Bestselling author Guy Vanderhaeghe’s new book of fiction is both timely and timeless and showcases his supreme talent as a storyteller and poignant observer of the human condition.
Among these nine addictive and resonant stories: A teenage boy breaks out of the strict confines of his family, his bid for independence leads him in over his head. He learns about life in short order and there is no turning back. An actor’s penchant for hiding behind a role, on and off stage, is tested to the limits and what he comes to discover finally places him face to face with the truth. With his mother hospitalized for a nervous condition and his father away on long work stints, a boy is sent to another family for his meals. His gradually building relationship with a teenage daughter who has been left handicapped from Polio opens unexpected doors to the world. In the powerful title story, a middle-aged man remeets his former adviser at university, a charismatic and domineering professor dubbed Daddy Lenin. As their tense reunion progresses, secrets from the past painfully revise remembered events and threaten to topple the scaffolding of a marriage.
With Daddy Lenin and Other Stories, award-winning author Guy Vanderhaeghe returns once again to the form that launched his stellar literary career. Here is a grand master writing at the height of his powers.
About the author
Guy Vanderhaeghe was born in Esterhazy, Saskatchewan in 1951. He is the author of six books of fiction. His first two books were collections of short stories: Man Descending (1982), which won the Governor’s General’s Award, and the Faber Prize in the U.K., and The Trouble With Heroes (1983). My Present Age, a novel, was published in 1984 and was followed by Homesick in 1989. That novel was a co-winner of the City of Toronto Book Award. His third book of short stories was the highly praised Things As They Are? (1992). The Englishman’s Boy (1996) was a long-time national bestseller and won the Governor General’s Award for Fiction, the Saskatchewan Book Award for Fiction and for Best Book of the Year, and was short-listed for The Giller Prize, and the prestigious International IMPAC Dublin Literary Award, the world’s largest monetary award for a single book. Acclaimed for his fiction, Vanderhaeghe has also written plays. I Had a Job I Liked. Once. was first produced in 1991, and won the Canadian Authors Association Award for Drama. His second play, Dancock’s Dance, was produced in 1995. He is currently completing a screenplay for The Englishman’s Boy. Guy lives in Saskatoon, where he is a Visiting Professor of English at S.T.M. College. His most recent book, The Last Crossing, has been short-listed for a total of three Saskatchewan Book Awards: Best Book of the Year, Fiction Book of the Year, and the Saskatoon Book Award.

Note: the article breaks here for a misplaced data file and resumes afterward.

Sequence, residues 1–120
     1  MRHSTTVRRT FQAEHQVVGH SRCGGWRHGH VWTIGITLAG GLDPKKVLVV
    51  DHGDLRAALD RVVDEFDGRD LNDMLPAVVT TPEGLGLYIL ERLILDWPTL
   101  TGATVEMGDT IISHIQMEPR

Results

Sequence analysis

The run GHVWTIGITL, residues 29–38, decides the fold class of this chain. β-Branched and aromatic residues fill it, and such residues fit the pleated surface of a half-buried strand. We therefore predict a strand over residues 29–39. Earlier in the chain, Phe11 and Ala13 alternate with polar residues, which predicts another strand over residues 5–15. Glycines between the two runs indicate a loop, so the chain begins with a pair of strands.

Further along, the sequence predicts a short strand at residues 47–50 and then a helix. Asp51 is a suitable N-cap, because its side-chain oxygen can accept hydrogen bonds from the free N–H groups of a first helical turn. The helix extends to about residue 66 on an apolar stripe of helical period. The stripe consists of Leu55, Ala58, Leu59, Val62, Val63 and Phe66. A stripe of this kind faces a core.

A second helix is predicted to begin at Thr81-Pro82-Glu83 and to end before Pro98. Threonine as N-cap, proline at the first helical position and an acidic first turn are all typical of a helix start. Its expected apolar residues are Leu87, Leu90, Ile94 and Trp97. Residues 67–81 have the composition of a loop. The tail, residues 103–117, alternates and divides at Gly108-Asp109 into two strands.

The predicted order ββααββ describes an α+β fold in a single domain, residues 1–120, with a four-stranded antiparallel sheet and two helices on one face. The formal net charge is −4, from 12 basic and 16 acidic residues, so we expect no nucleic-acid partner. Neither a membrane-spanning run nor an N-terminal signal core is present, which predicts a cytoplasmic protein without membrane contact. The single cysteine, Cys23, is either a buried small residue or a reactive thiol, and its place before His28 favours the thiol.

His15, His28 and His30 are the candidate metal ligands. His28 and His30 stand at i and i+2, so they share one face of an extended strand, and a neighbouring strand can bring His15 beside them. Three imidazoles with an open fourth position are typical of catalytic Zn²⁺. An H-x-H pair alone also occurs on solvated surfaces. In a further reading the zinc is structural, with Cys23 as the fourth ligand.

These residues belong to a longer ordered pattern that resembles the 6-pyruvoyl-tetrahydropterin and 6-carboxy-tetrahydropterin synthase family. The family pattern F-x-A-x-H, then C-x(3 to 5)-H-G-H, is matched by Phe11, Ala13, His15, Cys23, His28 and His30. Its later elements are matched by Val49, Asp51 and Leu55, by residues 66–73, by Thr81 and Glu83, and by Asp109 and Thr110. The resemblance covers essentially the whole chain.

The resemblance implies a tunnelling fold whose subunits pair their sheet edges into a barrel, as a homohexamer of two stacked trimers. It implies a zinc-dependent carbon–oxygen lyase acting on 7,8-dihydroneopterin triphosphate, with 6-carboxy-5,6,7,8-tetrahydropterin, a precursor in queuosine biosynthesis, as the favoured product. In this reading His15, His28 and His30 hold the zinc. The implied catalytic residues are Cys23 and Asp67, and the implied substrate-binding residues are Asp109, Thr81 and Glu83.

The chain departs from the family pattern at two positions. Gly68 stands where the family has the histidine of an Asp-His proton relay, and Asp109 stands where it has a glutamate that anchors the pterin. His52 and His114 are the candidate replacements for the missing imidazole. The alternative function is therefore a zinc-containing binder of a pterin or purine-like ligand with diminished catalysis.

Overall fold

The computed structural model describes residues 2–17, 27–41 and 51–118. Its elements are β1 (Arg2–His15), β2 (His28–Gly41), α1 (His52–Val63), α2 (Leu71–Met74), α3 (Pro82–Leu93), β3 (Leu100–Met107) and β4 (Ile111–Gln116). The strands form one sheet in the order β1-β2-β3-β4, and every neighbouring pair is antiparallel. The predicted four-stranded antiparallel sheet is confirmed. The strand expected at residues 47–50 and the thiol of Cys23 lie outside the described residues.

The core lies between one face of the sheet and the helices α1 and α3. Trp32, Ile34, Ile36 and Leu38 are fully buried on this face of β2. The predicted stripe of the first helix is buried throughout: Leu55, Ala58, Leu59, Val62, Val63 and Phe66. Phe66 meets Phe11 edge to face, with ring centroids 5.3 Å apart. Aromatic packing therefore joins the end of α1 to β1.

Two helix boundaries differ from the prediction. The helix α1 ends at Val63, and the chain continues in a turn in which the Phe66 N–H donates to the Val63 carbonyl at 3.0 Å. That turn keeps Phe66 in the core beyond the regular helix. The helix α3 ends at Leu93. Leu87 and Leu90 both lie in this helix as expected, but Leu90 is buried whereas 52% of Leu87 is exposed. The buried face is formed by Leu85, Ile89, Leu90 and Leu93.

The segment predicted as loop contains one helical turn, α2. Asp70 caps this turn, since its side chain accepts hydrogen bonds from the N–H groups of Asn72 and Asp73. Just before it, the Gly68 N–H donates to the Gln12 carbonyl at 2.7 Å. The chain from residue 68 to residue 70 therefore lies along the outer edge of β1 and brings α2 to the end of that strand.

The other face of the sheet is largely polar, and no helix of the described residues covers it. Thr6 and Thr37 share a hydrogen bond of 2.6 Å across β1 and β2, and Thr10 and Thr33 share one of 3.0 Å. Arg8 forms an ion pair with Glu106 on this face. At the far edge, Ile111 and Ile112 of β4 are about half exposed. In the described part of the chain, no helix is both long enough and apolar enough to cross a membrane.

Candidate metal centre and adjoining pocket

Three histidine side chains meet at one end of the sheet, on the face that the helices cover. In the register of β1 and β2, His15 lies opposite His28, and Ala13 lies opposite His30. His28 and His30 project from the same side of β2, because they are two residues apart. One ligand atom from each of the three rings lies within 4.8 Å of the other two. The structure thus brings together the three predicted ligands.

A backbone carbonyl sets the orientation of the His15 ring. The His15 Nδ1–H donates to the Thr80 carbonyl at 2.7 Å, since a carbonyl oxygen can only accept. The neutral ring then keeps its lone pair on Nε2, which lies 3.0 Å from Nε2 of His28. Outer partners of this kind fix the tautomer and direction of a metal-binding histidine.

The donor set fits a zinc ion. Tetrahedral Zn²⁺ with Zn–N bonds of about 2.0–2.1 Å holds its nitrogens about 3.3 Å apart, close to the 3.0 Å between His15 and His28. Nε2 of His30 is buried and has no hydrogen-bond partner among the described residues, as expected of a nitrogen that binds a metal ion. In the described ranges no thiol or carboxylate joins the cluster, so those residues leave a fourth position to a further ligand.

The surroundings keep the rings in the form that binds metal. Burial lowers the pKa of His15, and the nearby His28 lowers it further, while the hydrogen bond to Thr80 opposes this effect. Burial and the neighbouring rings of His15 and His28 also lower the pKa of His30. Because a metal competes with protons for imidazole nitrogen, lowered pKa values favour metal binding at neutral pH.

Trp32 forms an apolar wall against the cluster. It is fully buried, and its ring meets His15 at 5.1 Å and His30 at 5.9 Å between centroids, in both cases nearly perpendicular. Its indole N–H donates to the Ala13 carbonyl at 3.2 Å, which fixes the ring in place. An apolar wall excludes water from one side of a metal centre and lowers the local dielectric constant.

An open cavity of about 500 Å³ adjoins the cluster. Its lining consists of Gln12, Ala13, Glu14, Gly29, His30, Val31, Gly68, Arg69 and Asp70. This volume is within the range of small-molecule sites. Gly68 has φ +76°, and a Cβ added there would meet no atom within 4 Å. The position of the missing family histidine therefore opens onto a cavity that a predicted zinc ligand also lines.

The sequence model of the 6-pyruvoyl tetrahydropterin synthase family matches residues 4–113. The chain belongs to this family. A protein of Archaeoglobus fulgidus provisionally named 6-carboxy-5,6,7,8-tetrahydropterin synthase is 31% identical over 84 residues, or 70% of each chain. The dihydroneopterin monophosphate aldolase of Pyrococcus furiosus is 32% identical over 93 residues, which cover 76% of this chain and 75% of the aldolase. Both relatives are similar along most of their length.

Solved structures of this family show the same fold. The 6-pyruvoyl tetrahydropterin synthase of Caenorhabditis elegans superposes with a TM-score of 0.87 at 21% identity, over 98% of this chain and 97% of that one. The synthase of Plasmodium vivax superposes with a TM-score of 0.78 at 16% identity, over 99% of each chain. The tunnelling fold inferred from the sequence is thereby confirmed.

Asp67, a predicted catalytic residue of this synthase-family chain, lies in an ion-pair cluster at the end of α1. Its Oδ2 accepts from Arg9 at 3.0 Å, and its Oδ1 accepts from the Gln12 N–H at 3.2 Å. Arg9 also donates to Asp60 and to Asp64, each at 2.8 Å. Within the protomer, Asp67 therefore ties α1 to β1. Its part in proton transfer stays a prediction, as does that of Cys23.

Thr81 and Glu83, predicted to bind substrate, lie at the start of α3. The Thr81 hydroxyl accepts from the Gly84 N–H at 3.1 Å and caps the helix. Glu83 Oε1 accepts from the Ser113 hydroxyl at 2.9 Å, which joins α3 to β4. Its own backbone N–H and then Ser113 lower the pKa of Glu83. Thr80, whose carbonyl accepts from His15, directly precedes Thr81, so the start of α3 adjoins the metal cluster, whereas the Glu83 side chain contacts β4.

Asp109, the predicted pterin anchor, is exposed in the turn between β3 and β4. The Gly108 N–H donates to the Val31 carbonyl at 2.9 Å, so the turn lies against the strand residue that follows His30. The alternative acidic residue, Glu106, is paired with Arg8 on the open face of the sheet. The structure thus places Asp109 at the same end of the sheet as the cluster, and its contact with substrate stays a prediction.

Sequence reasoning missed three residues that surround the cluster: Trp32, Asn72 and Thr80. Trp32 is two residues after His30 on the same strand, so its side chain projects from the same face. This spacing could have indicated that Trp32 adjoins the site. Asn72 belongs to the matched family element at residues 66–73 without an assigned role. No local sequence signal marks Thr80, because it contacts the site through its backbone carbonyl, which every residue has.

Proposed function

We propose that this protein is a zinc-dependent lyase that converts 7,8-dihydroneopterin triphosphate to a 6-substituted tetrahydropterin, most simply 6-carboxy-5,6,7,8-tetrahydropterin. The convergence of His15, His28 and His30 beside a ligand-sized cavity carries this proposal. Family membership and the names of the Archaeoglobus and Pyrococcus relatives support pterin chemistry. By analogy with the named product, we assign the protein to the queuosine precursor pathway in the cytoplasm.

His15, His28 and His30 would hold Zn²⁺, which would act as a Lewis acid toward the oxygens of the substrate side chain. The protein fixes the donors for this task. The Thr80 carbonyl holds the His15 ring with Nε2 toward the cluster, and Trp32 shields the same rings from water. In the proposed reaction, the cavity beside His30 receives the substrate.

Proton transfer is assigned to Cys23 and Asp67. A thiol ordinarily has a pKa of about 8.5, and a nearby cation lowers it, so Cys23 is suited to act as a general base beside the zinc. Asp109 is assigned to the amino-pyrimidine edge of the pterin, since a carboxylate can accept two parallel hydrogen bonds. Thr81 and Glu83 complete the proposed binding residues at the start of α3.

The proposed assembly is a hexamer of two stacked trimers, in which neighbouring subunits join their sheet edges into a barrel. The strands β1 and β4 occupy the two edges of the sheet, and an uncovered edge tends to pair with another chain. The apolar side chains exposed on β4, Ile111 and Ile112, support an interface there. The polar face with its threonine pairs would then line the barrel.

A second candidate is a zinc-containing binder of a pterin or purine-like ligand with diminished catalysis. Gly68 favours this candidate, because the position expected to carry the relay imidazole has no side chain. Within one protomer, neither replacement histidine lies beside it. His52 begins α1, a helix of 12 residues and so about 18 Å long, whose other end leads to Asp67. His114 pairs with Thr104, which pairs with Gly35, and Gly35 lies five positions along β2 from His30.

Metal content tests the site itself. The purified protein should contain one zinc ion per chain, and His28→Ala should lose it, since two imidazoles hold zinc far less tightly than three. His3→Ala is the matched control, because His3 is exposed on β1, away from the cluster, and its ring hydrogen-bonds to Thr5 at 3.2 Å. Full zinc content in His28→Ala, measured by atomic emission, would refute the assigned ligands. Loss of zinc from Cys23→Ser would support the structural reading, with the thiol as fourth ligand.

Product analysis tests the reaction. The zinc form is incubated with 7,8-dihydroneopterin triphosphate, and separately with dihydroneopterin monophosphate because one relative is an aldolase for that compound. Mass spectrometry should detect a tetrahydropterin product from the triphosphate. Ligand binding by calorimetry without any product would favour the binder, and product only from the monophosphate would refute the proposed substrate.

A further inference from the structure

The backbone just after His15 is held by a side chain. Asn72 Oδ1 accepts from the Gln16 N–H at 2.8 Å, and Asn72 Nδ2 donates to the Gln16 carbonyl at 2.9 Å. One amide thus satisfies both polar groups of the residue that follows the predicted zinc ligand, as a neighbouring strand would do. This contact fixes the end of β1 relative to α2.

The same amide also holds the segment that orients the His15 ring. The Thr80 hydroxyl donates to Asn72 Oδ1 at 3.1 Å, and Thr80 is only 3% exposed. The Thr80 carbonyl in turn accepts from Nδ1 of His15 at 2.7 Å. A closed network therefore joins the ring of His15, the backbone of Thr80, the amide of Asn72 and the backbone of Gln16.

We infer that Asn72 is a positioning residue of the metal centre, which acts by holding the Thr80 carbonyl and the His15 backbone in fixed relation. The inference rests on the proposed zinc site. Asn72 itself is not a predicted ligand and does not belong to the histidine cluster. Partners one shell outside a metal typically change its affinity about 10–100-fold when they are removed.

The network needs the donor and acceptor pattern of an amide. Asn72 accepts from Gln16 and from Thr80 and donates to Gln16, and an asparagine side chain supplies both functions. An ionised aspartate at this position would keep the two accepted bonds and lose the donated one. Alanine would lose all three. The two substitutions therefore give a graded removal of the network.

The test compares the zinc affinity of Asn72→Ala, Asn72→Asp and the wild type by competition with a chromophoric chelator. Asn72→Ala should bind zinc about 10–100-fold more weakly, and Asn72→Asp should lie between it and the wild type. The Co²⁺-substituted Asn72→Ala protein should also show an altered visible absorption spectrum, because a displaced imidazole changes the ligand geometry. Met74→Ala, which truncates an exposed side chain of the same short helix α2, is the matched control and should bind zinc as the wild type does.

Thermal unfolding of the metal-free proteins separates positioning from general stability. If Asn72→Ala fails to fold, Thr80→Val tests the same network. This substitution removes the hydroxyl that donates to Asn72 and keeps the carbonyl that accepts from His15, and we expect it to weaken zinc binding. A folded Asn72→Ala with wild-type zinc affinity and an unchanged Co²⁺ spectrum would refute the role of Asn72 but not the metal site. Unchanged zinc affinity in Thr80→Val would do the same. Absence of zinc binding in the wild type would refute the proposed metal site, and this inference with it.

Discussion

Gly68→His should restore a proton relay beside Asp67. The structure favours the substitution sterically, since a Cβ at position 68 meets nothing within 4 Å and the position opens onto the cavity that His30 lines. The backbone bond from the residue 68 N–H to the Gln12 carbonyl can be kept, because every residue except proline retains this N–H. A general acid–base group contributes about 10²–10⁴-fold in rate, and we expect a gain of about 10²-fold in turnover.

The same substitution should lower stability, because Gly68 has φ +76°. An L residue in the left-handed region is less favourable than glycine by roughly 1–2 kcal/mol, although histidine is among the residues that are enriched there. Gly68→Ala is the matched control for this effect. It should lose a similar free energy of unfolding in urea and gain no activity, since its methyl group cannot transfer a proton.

- Winner, Governor General's Literary Awards - Fiction
WINNER 2015 — Governor General’s Literary Award for Fiction
Globe and Mail 100 — 2015
“In Daddy Lenin, master storyteller Guy Vanderhaeghe strips away the layers to reveal deeper, and sometimes darker truths about our ways, and our world. Brilliant and breathtaking.”
“Guy Vanderhaeghe is without a doubt one of Canada's finest writers. In this dynamic collection of stories, he is at the top of his game; funny, smart, and wickedly insightful. A virtuoso performance.”
More Praise for Guy Vanderhaeghe:
"Guy Vanderhaeghe [is] one of North America's best writers."
—Annie Proulx, Globe and Mail
"Vanderhaeghe is a superb writer who packs authenticity into every detail."
"Vanderhaeghe is a prodigiously gifted writer ... comparable to McMurtry at his best."